Dehydration in Elderly People: Risks, Warning Signs, and Prevention Tips
Are you aware of the risks and consequences of dehydration in seniors and how serious these risks are? Luckily, there is good news: dehydration can be easily avoided. Awareness is the first step in preventing any health issues related to dehydration-- the most common being the lack of fluids.
Unfortunately, most people aren't aware of just how problematic dehydration can be for senior adults and just how common it is.
These facts can help you understand how serious this affliction can be:
- According to a review article in e-SPEN, the European e-Journal of Clinical Nutrition and Metabolism, a study found that around31% of long-term patients were dehydrated.
- It costs roughly $1.36 billion annually to treat the elderly community that has been hospitalized for dehydration. This information comes from the Nutrition and Healthy Aging article.
- Patients suffering from dehydration are six times more likely to pass in the hospital than those who are not dehydrated, as the Age and Ageing study said.
What Is Dehydration?
Dehydration is a simple concept: it happens when your body doesn't ingest enough water. Water is the source of life, and as exaggerated as that may sound… it is not. Water is necessary for many of your body's day to day functions, such as:
- Temperature regulation
- Waste elimination
- Joint lubrication
- Delivery of nutrients to cells
- Blood oxygen circulation
- Skin hydration
- Cognitive function
Dehydration occurs when your body doesn't receive enough water to sustain these day-to-day processes.
Thankfully, your body is designed to adjust its fluid levels throughout the day. The most common way is through thirst. As your body drops in fluid levels, your hypothalamus alerts your brain and creates the sensation of being thirsty. The following most common reaction is when your kidneys preserve water, which leads to urine becoming more concentrated.
Why Dehydration Is More Common Among Seniors
It can be a complex process to keep up with the amount of water and electrolytes for seniors compared to younger people. Older adults are more likely to become dehydrated, and the side effects of this are severe.
Frontiers in Molecular Biosciences shared that dehydration is one of the top 10 reasons seniors become hospitalized. Dehydrated adults hospitalized can then end up in more intensive care units, more likely to be readmitted, and more likely to be placed in long-term care facilities.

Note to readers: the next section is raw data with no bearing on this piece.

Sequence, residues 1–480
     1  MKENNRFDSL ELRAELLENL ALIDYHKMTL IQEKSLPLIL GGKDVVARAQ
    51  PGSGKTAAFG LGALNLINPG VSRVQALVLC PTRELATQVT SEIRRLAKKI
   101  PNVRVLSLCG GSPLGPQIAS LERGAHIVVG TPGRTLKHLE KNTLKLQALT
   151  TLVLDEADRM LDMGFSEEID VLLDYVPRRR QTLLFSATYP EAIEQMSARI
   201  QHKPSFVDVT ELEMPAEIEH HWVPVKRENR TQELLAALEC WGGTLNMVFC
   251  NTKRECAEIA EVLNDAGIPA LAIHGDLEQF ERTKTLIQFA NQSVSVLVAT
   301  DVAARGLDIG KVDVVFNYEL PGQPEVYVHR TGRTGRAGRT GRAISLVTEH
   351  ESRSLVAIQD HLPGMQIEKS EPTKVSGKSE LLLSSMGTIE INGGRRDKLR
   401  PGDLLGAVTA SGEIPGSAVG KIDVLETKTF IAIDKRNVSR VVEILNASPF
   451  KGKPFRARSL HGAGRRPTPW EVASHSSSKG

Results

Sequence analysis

What is the link between age and dehydration?
Elderly adults are more likely to become dehydrated due to the several health or lifestyle conditions that they are experiencing that lead to low fluid levels. The most common factors are:
- Age-related physical changes: With age, our bodies cannot hold as much water-- this is most commonly because our kidneys become less efficient. Other risks come from seniors drinking less than younger adults because older adults have a weakened sense of thirst. There is no clear scientific reason for this, but it is genuinely a troublesome symptom of age. The reduced sense of thirst is most common for those that live with Alzheimer's disease or other forms of dementia, as well as those who have suffered from a stroke. These elderly adults may have a hard time swallowing or asking caregivers for help.
- Medication side effects: There are many common medicines that older adults take that can act as diuretics (i.e., they can increase urine production) and lead to dehydration. All side effects of medication should be discussed with a doctor before taking.
- Incontinence issues: The risk of dehydration when associated with incontinence is directly caused by the fluid lost during involuntary urination. Dehydration happens when seniors begin to limit their fluid intake to avoid any uncomfortable situations. It is essential to let our loved ones know that reducing their fluid intake is not directly correlated to incontinence. The National Association for Continence shared that drinking more water can help fight off incontinence for some seniors. Staying hydrated also keeps your bladder from being vulnerable to bacterial infections-- reducing the risk of UTIs.
- Fear of falling: It is common for seniors to drink fewer fluids due to the fear of falling if they need to use the restroom in the middle of the night--these seniors are not considering that they are putting themselves at risk for dehydration when doing this. A way to avoid late-night restroom trips while also drinking fluids is to restrict fluid intake a few hours before bedtime. A healthcare provider can assist in figuring out if this works best for you.